While there is no cure for patients with systemic scleroderma, there are some therapies to manage symptoms, such as medications, antibiotics, physical therapy, or even surgery. But according to Medical XPress, research from Michigan Medicine shares that patients with early diffuse systemic scleroderma have worse outcomes – including more fatalities and worse organ damage – even with treatment. After evaluating over 300 patients, the researchers found that this particular form of scleroderma led to worse kidney, lung, and heart damage. Interested in learning more? Take a look at the research published in Arthritis Research & Therapy.
Within the study, researchers sought to understand the clinical characteristics and outcomes associated with early diffuse systemic sclerosis. This rare systemic scleroderma subtype, which occurs most often in those in their 40s and 50s, is characterized by widespread organ problems and skin fibrosis. In their research, the researchers evaluated 301 participants treated over a 9-year period. Of these, many patients received immunosuppressive therapies, considered the standards-of-care. For example, around 66% of patients received Mycophenolate Mofetil, which is often used for scleroderma management.
However, patients with early diffuse systemic scleroderma still saw symptom worsening and disease progression. Even while receiving treatment, 23% of patients lost a significant percentage of forced vital capacity. Patients saw worsening organ fibrosis and skin fibrosis. Additionally, around 6% of patients (approximately 18) passed away during the course of the study.
Ultimately, researchers determined that patients with this scleroderma subtype were more at risk of fatal results and worse disease progression than others, despite available treatment. In the future, researchers believe that therapies such as Nintedanib and tocilizumab could be used as alternative treatments to stop lung fibrosis, maintain lung function, and improve patient outcomes. However, some of these therapies might need to be administered early to prevent complications. As early diffuse systemic scleroderma has one of the highest fatality rates associated with rheumatic diseases, it is necessary to continue research and find ways to better benefit patients.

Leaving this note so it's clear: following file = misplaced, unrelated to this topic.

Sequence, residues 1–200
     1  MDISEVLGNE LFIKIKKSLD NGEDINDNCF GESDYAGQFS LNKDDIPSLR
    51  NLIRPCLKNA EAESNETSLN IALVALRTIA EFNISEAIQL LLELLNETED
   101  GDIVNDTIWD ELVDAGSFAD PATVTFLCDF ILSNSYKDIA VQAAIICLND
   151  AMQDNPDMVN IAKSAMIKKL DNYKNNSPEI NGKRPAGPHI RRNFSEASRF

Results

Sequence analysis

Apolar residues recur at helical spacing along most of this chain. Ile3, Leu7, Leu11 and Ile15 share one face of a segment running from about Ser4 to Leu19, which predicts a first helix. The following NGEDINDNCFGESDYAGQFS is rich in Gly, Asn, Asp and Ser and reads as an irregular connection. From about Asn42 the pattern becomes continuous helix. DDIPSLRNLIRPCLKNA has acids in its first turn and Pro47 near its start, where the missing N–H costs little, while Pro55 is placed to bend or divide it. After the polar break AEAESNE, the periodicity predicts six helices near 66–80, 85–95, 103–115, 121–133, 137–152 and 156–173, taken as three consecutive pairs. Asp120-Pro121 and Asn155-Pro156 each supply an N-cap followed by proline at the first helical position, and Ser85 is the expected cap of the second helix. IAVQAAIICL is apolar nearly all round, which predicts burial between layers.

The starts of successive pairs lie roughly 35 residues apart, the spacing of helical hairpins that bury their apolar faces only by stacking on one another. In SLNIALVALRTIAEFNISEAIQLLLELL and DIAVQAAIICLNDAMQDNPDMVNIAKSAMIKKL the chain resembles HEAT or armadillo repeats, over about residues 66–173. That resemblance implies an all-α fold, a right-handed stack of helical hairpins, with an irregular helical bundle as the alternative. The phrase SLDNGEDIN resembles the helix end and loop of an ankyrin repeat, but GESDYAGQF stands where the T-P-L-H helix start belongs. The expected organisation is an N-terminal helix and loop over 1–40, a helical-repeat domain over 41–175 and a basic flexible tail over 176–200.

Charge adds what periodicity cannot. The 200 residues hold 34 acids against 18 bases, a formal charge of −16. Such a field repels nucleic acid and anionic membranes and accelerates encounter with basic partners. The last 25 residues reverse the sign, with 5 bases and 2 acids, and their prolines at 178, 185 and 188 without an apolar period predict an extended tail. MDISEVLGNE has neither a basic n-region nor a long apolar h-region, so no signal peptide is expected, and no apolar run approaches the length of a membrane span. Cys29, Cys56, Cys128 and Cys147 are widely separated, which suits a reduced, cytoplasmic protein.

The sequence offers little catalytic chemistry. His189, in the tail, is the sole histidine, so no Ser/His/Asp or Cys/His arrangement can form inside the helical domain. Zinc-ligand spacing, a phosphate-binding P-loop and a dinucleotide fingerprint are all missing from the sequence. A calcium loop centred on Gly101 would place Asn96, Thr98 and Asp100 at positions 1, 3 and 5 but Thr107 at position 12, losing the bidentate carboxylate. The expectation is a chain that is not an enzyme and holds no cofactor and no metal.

Also known as systemic sclerosis, systemic scleroderma is an autoimmune disorder in which the body’s immune system mistakenly attacks healthy tissue. Most cases are spontaneous, meaning that this is not inherited from family members. This condition results in skin thickening and fibrosis (scar tissue accumulation) on the skin and in various organs. This fibrosis is caused by excess collagen production. While localized scleroderma only affects one area or specific bodily areas, the systemic form can affect the skin and organs. It is 4x more common in females than males. Symptoms include:
- Skin fibrosis
- Difficulty swallowing
- Swelling in the hands and fingers
- Shortness of breath
- Joint pain
- Raynaud’s phenomenon
- High blood pressure
- Sores on the fingers or painful calcium deposits under the skin
- Loss of organ function
Learn more about systemic scleroderma.